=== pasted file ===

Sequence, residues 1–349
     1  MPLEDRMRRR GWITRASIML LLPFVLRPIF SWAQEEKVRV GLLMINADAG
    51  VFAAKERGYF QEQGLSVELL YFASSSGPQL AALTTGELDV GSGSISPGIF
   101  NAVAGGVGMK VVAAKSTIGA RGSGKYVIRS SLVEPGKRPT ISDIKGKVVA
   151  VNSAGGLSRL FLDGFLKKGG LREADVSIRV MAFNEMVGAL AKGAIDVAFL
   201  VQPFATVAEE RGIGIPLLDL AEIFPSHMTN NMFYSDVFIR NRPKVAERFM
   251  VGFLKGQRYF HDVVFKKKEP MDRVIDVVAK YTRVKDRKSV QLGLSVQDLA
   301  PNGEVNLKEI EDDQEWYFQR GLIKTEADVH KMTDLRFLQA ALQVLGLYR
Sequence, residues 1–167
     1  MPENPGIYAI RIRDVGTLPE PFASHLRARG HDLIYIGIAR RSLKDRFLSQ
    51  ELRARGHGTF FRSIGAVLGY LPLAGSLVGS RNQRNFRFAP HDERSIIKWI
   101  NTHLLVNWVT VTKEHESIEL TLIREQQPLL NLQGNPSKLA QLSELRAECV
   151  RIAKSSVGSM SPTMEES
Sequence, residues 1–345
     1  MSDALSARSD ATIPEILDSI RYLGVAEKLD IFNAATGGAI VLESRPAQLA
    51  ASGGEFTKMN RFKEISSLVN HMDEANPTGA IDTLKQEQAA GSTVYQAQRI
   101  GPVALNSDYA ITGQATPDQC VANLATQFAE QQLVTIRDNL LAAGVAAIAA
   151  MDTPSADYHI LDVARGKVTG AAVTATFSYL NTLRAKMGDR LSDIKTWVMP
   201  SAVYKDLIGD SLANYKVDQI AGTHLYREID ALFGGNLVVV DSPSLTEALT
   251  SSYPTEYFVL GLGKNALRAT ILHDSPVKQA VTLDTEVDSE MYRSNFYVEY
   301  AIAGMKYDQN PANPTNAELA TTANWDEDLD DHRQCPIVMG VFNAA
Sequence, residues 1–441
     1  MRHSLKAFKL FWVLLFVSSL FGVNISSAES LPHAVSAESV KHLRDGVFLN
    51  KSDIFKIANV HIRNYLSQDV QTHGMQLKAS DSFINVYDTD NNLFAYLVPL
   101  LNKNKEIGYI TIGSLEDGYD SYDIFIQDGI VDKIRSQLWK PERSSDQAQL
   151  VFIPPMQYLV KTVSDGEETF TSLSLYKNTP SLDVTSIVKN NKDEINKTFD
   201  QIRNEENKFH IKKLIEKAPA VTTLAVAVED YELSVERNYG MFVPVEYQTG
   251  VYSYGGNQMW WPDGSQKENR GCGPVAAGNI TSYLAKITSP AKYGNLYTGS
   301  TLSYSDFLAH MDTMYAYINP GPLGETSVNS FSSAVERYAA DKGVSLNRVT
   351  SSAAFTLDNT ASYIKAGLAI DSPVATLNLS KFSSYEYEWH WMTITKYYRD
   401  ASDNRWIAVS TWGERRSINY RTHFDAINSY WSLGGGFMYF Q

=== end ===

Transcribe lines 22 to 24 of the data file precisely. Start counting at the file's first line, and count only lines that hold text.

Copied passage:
Sequence, residues 1–441
     1  MRHSLKAFKL FWVLLFVSSL FGVNISSAES LPHAVSAESV KHLRDGVFLN
    51  KSDIFKIANV HIRNYLSQDV QTHGMQLKAS DSFINVYDTD NNLFAYLVPL